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Load emphasizes muscle effort minimization during selection of arm movement direction
Journal of NeuroEngineering and Rehabilitation volume 9, Article number: 70 (2012)
Directional preferences during center-out horizontal shoulder-elbow movements were previously established for both the dominant and non-dominant arm with the use of a free-stroke drawing task that required random selection of movement directions. While the preferred directions were mirror-symmetrical in both arms, they were attributed to a tendency specific for the dominant arm to simplify control of interaction torque by actively accelerating one joint and producing largely passive motion at the other joint. No conclusive evidence has been obtained in support of muscle effort minimization as a contributing factor to the directional preferences. Here, we tested whether distal load changes directional preferences, making the influence of muscle effort minimization on the selection of movement direction more apparent.
The free-stroke drawing task was performed by the dominant and non-dominant arm with no load and with 0.454 kg load at the wrist. Motion of each arm was limited to rotation of the shoulder and elbow in the horizontal plane. Directional histograms of strokes produced by the fingertip were calculated to assess directional preferences in each arm and load condition. Possible causes for directional preferences were further investigatedby studying optimization across directions of a number of cost functions.
Preferences in both arms to move in the diagonal directions were revealed. The previously suggested tendency to actively accelerate one joint and produce passive motion at the other joint was supported in both arms and load conditions. However, the load increased the tendency to produce strokes in the transverse diagonal directions (perpendicular to the forearm orientation) in both arms. Increases in required muscle effort caused by the load suggested that the higher frequency of movements in the transverse directions represented increased influence of muscle effort minimization on the selection of movement direction. This interpretation was supported by cost function optimization results.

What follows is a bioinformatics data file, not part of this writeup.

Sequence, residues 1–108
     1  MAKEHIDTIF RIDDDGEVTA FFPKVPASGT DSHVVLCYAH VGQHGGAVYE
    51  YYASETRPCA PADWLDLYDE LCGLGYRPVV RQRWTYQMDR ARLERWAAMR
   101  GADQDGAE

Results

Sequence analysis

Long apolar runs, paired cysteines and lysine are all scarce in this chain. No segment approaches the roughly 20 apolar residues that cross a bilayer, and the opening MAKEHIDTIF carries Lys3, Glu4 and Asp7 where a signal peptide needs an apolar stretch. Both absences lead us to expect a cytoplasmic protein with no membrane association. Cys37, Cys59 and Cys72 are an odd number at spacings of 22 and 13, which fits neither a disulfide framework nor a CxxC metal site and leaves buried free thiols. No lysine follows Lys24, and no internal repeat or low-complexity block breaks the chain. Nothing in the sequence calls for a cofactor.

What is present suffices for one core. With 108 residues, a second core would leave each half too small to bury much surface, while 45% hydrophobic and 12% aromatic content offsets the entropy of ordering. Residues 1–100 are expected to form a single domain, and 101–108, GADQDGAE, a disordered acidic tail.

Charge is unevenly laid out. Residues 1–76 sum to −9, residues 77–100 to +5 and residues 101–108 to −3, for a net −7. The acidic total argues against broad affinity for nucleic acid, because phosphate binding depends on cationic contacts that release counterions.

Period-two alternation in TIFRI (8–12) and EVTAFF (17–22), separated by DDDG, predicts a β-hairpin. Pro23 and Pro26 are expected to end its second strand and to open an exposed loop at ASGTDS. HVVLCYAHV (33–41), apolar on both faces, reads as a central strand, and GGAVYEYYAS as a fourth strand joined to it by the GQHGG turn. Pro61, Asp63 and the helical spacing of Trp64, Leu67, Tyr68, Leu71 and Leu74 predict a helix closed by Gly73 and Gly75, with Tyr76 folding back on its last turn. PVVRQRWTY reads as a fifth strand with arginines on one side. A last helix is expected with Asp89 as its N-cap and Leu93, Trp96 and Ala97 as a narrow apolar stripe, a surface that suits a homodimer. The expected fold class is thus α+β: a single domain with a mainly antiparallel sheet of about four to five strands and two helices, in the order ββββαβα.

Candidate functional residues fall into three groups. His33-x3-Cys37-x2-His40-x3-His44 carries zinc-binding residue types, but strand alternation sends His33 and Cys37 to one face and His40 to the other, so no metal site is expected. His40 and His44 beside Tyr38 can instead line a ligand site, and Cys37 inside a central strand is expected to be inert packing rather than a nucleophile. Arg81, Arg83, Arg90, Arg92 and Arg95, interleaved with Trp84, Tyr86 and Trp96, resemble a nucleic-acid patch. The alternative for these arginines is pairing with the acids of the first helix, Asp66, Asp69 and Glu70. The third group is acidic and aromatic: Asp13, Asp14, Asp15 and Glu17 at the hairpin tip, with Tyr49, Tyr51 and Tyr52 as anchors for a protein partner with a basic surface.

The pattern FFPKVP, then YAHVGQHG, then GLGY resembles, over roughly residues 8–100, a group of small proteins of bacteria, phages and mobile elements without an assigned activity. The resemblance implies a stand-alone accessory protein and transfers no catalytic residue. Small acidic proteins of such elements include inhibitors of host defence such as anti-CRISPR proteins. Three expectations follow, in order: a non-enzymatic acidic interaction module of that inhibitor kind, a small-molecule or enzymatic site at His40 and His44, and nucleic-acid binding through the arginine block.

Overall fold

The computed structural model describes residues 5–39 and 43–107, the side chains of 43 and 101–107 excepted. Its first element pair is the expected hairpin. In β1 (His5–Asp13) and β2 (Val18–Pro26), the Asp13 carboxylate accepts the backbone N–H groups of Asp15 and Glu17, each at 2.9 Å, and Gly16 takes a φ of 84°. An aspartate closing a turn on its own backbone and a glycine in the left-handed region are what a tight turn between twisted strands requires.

While without load, the contribution of muscle effort minimization was minor, and therefore, not apparent, the load revealed this contribution by enhancing it. Unlike control of interaction torque, the revealed tendency to minimize muscle effort was independent of arm dominance.
Human movements are often considered to be near-optimal, although the type of minimized movement cost remains under debate . One of the most frequently considered factors is minimization of muscle effort or muscle energy [2–14]. However, a number of studies have questioned the contribution of this factor to movement formation. For instance, it was demonstrated that during point-to-point movements, the tendency to produce straight trajectory dominated the tendency to minimize muscle torque change , a cost function minimization of which had been proposed as the organization principle of arm movements . In another study, a robotic manipulandum was used to generate a force field in which minimal metabolic energy was achieved on a curved trajectory . Consistent with the finding of , adaptation to the force field resulted in straight movement trajectories similar to those in the null field.